Novel single-particle digital assay using plasmonic nanobubbles

The ability to rapidly detect diseases with high precision is of paramount importance, as evidenced by the current COVID-19 pandemic caused by the severe acute respiratory syndrome coronavirus 2 (SARS-CoV-2). Researchers have developed a novel strategy for simplified single-particle digital assay based on DIgitAl plasMONic nanobubble Detection (DIAMOND) to meet this urgent and unmet requirement. This new technology provides rapid and ultrasensitive detection of viruses in a one-step homogeneous assay.

An interdisciplinary team from the University of Texas applied DIAMOND to the respiratory syncytial virus (RSV) diagnostics and demonstrated that DIAMOND is 150 times more sensitive than commercial lateral flow assays. They found that the measurements are completed within 2 minutes. The results of this study are published on the medRxiv* preprint server.

Digital assays involve single-molecule detection and absolute quantification. While the conventional assays, such as the enzyme-linked immunosorbent assay (ELISA) and polymerase chain reaction(PCR), are used extensively, digital assays are advancing and advantageous.

The schematics illustration for the concept of DIAMOND. (A) The spectroscopybased signal generation and detection. The gold nanoparticles (AuNPs) as labels are used for the generation of the plasmonic nanobubbles (PNBs) by short laser pulses and subsequently detected by a secondary probe laser due to the optical scattering. (B) The detection principle based on optofluidic scanning of a sample flowing through. The “on” and “off” refer to the positive and negative PNB signals representing for the presence or absence of targets.
The schematics illustration for the concept of DIAMOND. (A) The spectroscopy-based signal generation and detection. The gold nanoparticles (AuNPs) as labels are used for the generation of the plasmonic nanobubbles (PNBs) by short laser pulses and subsequently detected by a secondary probe laser due to the optical scattering. (B) The detection principle based on optofluidic scanning of a sample flowing through. The “on” and “off” refers to the positive and negative PNB signals representing for the presence or absence of targets.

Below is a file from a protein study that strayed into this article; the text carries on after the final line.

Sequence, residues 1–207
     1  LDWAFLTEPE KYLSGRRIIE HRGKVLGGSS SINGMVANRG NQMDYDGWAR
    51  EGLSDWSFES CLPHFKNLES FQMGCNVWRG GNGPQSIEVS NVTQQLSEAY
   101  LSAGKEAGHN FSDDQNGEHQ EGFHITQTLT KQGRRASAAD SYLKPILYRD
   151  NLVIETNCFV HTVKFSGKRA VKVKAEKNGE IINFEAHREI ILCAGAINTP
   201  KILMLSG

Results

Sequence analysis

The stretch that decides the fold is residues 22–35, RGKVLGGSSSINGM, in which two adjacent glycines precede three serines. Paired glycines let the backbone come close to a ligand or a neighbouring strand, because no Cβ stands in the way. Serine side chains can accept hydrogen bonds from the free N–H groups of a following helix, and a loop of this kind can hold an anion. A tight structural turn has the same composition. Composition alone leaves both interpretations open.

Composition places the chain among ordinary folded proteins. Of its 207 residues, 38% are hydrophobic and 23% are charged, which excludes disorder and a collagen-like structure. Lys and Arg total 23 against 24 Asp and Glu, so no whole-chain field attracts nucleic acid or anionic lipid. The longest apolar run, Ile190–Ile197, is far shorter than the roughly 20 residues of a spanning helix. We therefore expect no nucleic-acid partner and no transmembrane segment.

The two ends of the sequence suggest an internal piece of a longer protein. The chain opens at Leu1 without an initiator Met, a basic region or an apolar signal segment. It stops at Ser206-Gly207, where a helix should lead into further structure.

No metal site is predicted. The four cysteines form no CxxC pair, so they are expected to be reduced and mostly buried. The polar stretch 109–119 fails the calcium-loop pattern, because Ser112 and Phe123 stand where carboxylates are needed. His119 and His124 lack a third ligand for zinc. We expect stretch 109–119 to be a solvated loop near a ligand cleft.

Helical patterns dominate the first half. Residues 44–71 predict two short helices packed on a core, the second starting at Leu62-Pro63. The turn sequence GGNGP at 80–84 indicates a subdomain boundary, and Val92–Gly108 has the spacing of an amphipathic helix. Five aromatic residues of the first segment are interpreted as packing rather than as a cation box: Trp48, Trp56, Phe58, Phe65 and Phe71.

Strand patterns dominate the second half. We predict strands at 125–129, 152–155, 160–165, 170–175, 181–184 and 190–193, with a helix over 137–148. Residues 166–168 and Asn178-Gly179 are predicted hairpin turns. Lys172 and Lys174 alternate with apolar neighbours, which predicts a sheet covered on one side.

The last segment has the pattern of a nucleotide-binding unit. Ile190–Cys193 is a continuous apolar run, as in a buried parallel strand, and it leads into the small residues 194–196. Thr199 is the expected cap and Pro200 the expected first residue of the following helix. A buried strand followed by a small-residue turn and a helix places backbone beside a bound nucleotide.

In a digital assay, the analyte is partitioned into microwells or emulsion droplets as small compartments for independent signal amplification and digital counting. The sensitivity enhancement is enhanced up to 103-fold over the conventional assays.

However, digital assays have suffered from complex assay operations. Digital sensing platforms that are based on micro/nanoparticles overcome these limiting challenges. Single-particle detection examines the changes in a single particle upon recognizing the target molecules. These assays include bright/dark-field imaging, interferometric or fluorescent imaging, surface-enhanced Raman scattering, surface plasmon resonance microscopy imaging, and particle mobility tracking. However, these techniques include cumbersome particle purification and advanced imaging protocols that may limit their widespread use.

The DIAMOND uses gold nanoparticles (AuNP) as labels and an optofluidic set-up, it achieves compartment-free digital counting and works on homogeneous assays without separation and amplification steps.

Detection of SiO2 beads in a homogeneous assay by DIAMOND. (A) Schematic of a homogeneous assay of SiO2 beads by AuNPs as a pair of targets and probes at room temperature (RT). Lower panel shows that when bead concentrations are insufficient to induce the color change, DIAMOND can detect the PNB signals. (B) TEM image of SiO2-AuNPs conjugates. Scale bar in inset is 200 nm. (C) Representative PNB signal traces (100 pulses) for the assay solutions. Schematics represent the assay information that show the different λ of SiO2 beads and the same λ of AuNPs. (D) Bivariate plot of amplitude and AUC extracted from 3,000 pulses for the assay solutions with different λ of SiO2 beads. Dashed lines indicate the positions of thresholds calculated from the control sample. (E) Quantification of SiO2 bead concentration as a function of frequency counting (fon). Error bars indicate the standard deviations of three independent measurements, and the LOD was calculated as 3 standard deviations of the control dividing the slope of regression line. (F) Correlation between the background-subtracted frequency (fon’) and Poisson probability (P).